A is for Alibi Page 42

"I'll be on the road at five in the morning and I thought I'd get my bill squared away tonight, " I said.

I gave her my room number and she sorted through the upright file, coming up with my ledger card. I was feeling restless, anxious, and sick, and I wanted to be out on the road. Instead, I had to force myself, brightly, casually, to deal with this woman who moved in slow motion.

"Where you headed?" she asked idly, toting up the charges on the adding machine. She made a mistake and had to do it all over again.

"Reno," I said, lying automatically.

"Any luck?”


"You win much?”

"Oh yeah, I'm doing pretty good," I said. "I really surprised myself.”

"Better than most folk," she remarked. "You won't be making any long-distance calls before you leave?" She gave me a sharp look.

I shook my head. "I'm going to hit the sack.”

"You look like you could use some sleep," she said. She filled out the credit-card charge slip, which I signed, taking my copy.

"I didn't use the fifty dollars' worth of coupons," I said. "You might as well have those back.”

She put the unused coupons in the drawer without a word.

Within minutes, miraculously, I was out on Highway 93, heading southeast toward Boulder City, where I took 95 south. I got as far as Needles and then I had to have relief. I found a cheap motel and checked in, crawled under the covers again, and slept for ten hours straight. Even that far down in oblivion, I felt an awesome dread of what had been set in motion and a pointless, aching sense of apology to Sharon Napier for whatever part I'd played in her death.


In the morning, I felt whole again. I ate a big breakfast in a little diner across the road from the motel, washing down bacon, scrambled eggs, and rye toast with fresh orange juice and three cups of coffee. I had the car filled up with gas, the oil checked, and then hit the road again. After Las Vegas, the desert drive was a pleasure. The land was spare, the colors subdued: a mild very pale lavender overlaid with fine dust. The sky was a stark, cloudless blue, the mountain ridges like crushed velvet, wrinkled dark gray along the face. There was something appealing about all that country unconquered yet, miles and miles of terrain without neon signs. The population was reduced to races of kangaroo rat and ground squirrel, the rocky canyons inhabited by kit fox and desert lynx. At fifty-five miles an hour, no wildlife was visible but I had heard the cries of tree frogs even in my sleep and I pictured now, from my speeding car, the clay and gravel washes filled with buff colored lizards and millipedes, creatures whose adaption to their environment include the husbanding of moisture and an aversion to hot sun. There are parasol ants in the desert that cut off leaves and carry them as sunshades over their backs, storing them later like beach umbrellas in the subterranean chambers where they live. The idea made me smile, and I kept my mind resolutely from the recollection of Sharon Napier's death.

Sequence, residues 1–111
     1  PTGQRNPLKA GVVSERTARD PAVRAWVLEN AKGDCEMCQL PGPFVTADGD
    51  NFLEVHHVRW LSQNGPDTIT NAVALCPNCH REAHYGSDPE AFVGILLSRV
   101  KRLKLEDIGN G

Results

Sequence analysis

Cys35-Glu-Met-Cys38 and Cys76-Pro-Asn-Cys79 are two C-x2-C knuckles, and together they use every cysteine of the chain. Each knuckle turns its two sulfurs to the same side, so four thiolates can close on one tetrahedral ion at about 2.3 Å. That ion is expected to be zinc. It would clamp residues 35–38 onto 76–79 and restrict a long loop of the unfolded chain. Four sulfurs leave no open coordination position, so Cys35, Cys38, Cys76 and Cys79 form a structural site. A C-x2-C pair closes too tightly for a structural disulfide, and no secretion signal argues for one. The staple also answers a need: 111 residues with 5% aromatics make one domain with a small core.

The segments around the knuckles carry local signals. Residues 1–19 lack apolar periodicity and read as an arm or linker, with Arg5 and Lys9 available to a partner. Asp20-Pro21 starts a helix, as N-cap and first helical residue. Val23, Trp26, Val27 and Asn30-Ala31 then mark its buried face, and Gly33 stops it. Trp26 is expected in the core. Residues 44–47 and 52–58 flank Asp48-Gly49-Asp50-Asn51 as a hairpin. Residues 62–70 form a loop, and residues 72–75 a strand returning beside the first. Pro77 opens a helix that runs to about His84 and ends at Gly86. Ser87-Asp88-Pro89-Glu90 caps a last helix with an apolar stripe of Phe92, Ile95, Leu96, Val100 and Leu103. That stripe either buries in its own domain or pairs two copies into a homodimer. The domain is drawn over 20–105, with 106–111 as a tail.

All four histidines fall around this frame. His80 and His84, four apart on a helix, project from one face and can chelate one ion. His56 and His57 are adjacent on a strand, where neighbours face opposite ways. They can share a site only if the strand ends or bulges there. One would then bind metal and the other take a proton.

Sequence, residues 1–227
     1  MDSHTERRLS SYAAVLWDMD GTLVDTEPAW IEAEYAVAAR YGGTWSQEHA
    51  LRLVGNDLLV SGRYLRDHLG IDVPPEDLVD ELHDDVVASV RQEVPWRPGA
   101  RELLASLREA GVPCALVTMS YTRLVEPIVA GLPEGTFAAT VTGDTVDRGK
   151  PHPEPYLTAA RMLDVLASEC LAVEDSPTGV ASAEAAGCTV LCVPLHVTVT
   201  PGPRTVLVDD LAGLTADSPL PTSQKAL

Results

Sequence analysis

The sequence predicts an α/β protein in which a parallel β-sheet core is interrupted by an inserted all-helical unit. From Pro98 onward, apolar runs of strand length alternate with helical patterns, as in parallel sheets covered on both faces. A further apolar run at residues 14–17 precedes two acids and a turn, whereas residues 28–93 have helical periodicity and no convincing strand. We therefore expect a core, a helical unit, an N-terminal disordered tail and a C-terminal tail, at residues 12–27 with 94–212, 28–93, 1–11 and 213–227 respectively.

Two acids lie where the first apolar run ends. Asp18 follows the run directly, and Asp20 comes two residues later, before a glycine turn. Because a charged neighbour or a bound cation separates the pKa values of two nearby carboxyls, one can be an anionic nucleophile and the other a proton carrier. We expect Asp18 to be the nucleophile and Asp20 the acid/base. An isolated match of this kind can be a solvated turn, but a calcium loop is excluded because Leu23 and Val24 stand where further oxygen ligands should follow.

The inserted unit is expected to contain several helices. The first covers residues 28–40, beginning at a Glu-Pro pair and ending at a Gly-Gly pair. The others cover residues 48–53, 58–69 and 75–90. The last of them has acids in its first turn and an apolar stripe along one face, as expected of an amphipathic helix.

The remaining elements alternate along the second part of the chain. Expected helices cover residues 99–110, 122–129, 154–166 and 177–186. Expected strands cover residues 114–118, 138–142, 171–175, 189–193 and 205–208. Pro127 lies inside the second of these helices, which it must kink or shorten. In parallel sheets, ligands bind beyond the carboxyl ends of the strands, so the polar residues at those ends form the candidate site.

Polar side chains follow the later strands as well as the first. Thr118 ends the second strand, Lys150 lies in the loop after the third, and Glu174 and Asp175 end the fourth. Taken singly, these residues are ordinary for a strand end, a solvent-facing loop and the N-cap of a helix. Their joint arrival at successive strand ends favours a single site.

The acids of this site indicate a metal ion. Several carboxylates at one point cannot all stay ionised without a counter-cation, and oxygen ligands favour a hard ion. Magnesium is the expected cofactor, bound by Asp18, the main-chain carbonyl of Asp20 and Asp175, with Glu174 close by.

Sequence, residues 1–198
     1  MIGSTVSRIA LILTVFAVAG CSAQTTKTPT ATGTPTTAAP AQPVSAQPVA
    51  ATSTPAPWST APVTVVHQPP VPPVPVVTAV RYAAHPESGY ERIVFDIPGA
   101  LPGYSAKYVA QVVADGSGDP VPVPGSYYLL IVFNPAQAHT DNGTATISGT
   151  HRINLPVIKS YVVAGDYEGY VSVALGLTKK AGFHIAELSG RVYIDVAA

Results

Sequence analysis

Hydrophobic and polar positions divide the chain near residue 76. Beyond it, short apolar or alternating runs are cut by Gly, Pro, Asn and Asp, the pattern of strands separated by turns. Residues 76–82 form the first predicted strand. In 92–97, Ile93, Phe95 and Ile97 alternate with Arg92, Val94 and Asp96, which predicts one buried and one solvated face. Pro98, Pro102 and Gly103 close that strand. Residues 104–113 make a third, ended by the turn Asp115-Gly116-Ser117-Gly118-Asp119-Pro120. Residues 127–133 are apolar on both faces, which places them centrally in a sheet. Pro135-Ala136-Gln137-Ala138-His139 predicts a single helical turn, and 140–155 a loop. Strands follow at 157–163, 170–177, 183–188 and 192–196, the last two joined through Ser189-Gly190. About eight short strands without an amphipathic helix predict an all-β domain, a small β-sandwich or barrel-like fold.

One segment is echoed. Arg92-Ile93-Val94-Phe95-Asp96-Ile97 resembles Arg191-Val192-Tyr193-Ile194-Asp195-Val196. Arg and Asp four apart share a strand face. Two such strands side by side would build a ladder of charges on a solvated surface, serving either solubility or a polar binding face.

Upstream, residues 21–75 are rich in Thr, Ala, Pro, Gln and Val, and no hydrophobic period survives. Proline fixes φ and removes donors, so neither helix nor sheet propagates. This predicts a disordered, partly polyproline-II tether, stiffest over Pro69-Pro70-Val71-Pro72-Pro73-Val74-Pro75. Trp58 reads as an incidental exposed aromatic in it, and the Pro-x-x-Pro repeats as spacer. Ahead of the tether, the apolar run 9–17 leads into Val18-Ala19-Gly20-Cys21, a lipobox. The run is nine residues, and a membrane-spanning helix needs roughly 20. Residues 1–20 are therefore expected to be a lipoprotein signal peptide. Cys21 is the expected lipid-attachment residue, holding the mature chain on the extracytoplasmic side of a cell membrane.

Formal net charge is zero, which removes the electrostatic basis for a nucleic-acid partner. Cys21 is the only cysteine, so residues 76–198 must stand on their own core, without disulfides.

I found Greg Fife in a little gray humpbacked camper outside Durmid on the eastern shore of the Salton Sea. It had taken me a while to track him down. Gwen had said that he lived on his boat but the boat had been pulled out of the water for paint and repair and Greg was temporarily lodged in an aluminum trailer that looked like a roly-poly bug. The interior was compact with a folding table hooked flat against the wall, a padded bench that became a single bed, a canvas chair that completely blocked passage to the sink, a chemical toilet, and a hot plate. He opened two bottles of beer, which he'd taken from a refrigerator the size of a cardboard box, located under the sink.

He offered me the padded bench, unfolding the small table between us. A single leg flopped down to give it support. I was effectively hemmed in and could only get comfortable by turning sideways. Greg took the canvas chair, tilting back so he could study me while I studied him. He looked a lot like Laurence Fife—lank dark-brown hair, a square-cut smooth face that was clean-shaven, dark eyes, bold dark brows, square chin. He looked younger than twenty-five but his smile had the same touch of arrogance that I remembered from his father. He was darkly tanned, cheekbones tinted with sunburn. His shoulders were wide, his body lean, his feet bare. He wore a red cotton turtleneck and cutoffs that were ragged at the bottom, nearly ruffled with bleached threads. He took a sip of beer.

"You think I look like him?”

"Yes," I said. "Does that suit you?”

Greg shrugged. "Doesn't matter much at this point," he said. "We weren't anything alike.”

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